The Danish king Christian IV bought The Fall of the Titans back in 1621. It was pulled out of storage at SMK in the late 1980s. Since then, this vast painting by Dutch artist Cornelis Cornelisz. van Haarlems has been one of the most beloved works in the SMK collection.

There is plenty of oomph in Cornelis Cornelisz. van Haarlem huge, 2.5 by 3 metre canvas full of naked male bodies falling down in heaps. In addition to allowing Cornelis Cornelisz. van Haarlem to express all his artistic ideals about how to depict the nude, muscular human form, The Fall of the Titans is also the story of the battle fought by the titans, cyclopes and giants against the Olympian gods, headed by Zeus. As is clearly apparent from this scene, the titans suffered a crushing defeat: Zeus cast them down into the underworld of Tartarus, from whence they cause earthquakes and volcanic eruptions.

For many years, the painting led a life of obscurity, hidden away in storage due to the insistent drama of its subject matter. However, on the occasion of the 400th anniversary of king Christian IV in 1988 the painting was brought back out into the light of day and restored, the reason being that the king had bought the work himself in 1621. Since then, the painting has been tremendously popular with visitors, and it now ranks among SMK’s ten greatest highlights.

Celebrating the male form
‘This painting was cutting-edge modern back in its own day. The sheer ability to paint figures in such difficult poses – and human bodies in free-fall – would have been very impressive,’ explains curator and senior researcher Eva de la Fuente Pedersen.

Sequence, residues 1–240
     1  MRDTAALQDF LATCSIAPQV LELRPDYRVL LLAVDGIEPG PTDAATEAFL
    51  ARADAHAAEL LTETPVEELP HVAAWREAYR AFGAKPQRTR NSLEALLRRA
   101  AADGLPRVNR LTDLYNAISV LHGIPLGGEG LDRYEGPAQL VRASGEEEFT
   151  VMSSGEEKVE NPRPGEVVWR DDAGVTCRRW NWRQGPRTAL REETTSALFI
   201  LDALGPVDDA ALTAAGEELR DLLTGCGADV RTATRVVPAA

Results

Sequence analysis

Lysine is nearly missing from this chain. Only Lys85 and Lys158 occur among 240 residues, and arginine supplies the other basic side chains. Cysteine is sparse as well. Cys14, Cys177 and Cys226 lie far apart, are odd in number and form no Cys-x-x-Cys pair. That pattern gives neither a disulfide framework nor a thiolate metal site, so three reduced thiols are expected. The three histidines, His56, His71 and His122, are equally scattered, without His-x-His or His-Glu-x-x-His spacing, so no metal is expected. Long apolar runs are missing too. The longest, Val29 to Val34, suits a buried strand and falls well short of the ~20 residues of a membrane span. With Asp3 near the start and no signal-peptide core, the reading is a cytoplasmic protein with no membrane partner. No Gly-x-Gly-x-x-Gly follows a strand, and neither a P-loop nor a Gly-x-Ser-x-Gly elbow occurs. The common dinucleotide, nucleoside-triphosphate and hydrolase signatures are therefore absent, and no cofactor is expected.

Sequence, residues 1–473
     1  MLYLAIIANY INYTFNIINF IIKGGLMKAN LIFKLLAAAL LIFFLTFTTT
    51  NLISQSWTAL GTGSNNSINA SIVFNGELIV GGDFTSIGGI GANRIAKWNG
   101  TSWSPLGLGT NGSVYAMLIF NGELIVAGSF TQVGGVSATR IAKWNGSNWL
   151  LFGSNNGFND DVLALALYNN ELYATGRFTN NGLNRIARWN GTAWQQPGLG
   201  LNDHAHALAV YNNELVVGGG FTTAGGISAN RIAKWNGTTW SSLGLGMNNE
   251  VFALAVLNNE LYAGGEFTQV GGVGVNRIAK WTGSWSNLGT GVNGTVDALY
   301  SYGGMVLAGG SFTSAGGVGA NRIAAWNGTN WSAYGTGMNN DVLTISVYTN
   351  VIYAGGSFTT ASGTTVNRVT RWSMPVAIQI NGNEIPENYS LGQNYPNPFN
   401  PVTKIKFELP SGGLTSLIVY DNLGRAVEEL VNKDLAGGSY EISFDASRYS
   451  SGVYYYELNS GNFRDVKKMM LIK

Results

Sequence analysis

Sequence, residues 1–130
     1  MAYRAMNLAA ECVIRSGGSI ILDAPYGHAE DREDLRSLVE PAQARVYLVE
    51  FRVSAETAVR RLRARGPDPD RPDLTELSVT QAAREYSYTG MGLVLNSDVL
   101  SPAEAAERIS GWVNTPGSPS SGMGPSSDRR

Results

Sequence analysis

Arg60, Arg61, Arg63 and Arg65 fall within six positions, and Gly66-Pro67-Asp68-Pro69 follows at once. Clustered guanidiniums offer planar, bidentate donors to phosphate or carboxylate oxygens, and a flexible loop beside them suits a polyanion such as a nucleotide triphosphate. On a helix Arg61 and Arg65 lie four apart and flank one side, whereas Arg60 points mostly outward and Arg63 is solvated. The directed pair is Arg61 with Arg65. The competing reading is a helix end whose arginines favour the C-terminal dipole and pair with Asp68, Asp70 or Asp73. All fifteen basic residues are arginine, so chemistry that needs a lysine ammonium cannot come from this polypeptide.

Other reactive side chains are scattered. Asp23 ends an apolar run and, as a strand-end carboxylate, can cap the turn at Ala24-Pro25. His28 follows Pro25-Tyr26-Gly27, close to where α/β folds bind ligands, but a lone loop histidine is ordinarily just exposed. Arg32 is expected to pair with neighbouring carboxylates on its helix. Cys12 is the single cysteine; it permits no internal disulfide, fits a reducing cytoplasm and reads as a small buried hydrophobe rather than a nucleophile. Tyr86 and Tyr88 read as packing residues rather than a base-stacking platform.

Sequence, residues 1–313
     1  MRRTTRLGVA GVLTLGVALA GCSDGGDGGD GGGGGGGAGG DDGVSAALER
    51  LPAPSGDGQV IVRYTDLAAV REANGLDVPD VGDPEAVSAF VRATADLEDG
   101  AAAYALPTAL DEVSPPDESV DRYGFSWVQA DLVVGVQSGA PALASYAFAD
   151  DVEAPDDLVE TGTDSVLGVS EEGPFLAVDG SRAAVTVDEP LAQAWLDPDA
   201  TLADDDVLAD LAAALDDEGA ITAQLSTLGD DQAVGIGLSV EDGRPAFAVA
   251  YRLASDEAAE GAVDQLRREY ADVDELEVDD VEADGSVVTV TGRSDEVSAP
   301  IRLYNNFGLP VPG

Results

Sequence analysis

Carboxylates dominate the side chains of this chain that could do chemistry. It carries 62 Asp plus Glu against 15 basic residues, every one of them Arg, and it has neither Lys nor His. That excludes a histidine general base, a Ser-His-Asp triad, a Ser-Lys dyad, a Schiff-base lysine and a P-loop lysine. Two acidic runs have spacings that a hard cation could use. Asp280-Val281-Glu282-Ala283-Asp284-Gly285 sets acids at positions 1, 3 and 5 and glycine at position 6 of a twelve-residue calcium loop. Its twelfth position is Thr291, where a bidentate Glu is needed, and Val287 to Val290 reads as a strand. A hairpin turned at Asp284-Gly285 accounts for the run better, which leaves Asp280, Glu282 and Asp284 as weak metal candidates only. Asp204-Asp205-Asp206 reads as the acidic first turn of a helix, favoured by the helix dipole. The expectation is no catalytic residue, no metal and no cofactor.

The manner of painting is typical of its time, with figures in the foreground framing the scene, followed by several different planes in the centre of the composition.

‘They’re falling down into Hell, and we see the light of the sun shining down into the abyss. The artist has used an almost science-fiction-like mode of expression. They seem to be tumbling straight out at us, and his use of colours and space sucks us into an infinitely deep space,’ says Eva de la Fuente Pedersen.
The painting is also full of strategically placed butterflies. In neoclassical art they would symbolised the soul ascending to the heavens, but according to Eva de la Fuente Pedersen they have a different meaning here.

‘You’ll find oversized butterflies and other insects here, and I think these are among the kind of creatures that people imagined living in Hell. Insects were associated with fire at this time: people thought they were born out of fire because they are attracted to light, flitting into flames.’

No women allowed
The Fall of the Titans is one of Cornelis Cornelisz. van Haarlem’s most important masterpieces from his youth and an excellent example of the so-called Haarlem Mannerist style, which celebrated the artificial and the sensual.

Even though female titans existed, they were not allowed in this scene; we do not know why. But we certainly see how Cornelis Cornelisz. van Haarlem took great pains to demonstrate his skill at combining the study of ancient sculptures and of naked bodies, translating them into pictures that matched the period’s ideas about the ideal body. ‘It’s funny that it should be so popular, but then we also see a similar fascination with the naked male torso today. The image of the beautiful man is also cultivated in our time,’ says Eva de la Fuente Pedersen.


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